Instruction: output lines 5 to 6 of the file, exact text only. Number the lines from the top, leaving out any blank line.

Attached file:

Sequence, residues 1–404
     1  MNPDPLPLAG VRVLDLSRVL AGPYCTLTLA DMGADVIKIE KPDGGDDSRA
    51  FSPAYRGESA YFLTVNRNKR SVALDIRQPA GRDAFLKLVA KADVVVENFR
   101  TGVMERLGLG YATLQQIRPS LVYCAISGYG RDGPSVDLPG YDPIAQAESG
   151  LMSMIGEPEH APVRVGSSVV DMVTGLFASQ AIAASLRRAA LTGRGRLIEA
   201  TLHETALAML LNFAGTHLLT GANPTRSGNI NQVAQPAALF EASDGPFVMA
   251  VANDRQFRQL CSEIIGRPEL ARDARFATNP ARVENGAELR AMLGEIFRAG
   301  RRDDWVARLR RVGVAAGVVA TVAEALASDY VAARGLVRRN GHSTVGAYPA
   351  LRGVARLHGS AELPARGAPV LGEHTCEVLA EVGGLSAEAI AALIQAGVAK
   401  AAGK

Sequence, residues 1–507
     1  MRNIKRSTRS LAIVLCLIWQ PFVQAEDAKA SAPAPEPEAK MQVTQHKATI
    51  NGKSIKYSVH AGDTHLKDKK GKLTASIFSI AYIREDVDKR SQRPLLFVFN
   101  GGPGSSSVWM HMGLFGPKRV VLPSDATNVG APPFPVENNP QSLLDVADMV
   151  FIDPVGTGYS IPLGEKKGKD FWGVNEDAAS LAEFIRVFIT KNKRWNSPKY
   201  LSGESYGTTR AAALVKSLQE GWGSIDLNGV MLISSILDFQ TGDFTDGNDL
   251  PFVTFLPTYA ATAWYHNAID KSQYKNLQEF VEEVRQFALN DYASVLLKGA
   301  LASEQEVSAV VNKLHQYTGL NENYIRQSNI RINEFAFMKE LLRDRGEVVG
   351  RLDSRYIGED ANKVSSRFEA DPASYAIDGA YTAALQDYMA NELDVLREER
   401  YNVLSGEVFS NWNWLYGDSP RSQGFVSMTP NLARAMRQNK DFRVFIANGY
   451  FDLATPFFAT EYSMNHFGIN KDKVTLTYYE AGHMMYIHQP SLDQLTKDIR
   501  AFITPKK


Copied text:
   151  LMSMIGEPEH APVRVGSSVV DMVTGLFASQ AIAASLRRAA LTGRGRLIEA
   201  TLHETALAML LNFAGTHLLT GANPTRSGNI NQVAQPAALF EASDGPFVMA